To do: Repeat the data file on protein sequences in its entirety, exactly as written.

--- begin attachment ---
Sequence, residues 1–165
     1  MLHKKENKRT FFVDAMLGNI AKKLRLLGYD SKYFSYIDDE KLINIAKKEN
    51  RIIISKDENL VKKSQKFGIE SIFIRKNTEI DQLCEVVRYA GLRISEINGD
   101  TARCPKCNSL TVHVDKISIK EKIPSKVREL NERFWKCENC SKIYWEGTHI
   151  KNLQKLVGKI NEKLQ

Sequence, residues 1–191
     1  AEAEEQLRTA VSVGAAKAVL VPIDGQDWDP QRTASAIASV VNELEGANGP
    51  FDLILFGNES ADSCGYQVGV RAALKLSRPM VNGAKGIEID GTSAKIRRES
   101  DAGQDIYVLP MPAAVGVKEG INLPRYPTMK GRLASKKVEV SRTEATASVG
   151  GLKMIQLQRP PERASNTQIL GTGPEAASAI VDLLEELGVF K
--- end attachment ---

Sequence, residues 1–165
     1  MLHKKENKRT FFVDAMLGNI AKKLRLLGYD SKYFSYIDDE KLINIAKKEN
    51  RIIISKDENL VKKSQKFGIE SIFIRKNTEI DQLCEVVRYA GLRISEINGD
   101  TARCPKCNSL TVHVDKISIK EKIPSKVREL NERFWKCENC SKIYWEGTHI
   151  KNLQKLVGKI NEKLQ

Sequence, residues 1–191
     1  AEAEEQLRTA VSVGAAKAVL VPIDGQDWDP QRTASAIASV VNELEGANGP
    51  FDLILFGNES ADSCGYQVGV RAALKLSRPM VNGAKGIEID GTSAKIRRES
   101  DAGQDIYVLP MPAAVGVKEG INLPRYPTMK GRLASKKVEV SRTEATASVG
   151  GLKMIQLQRP PERASNTQIL GTGPEAASAI VDLLEELGVF K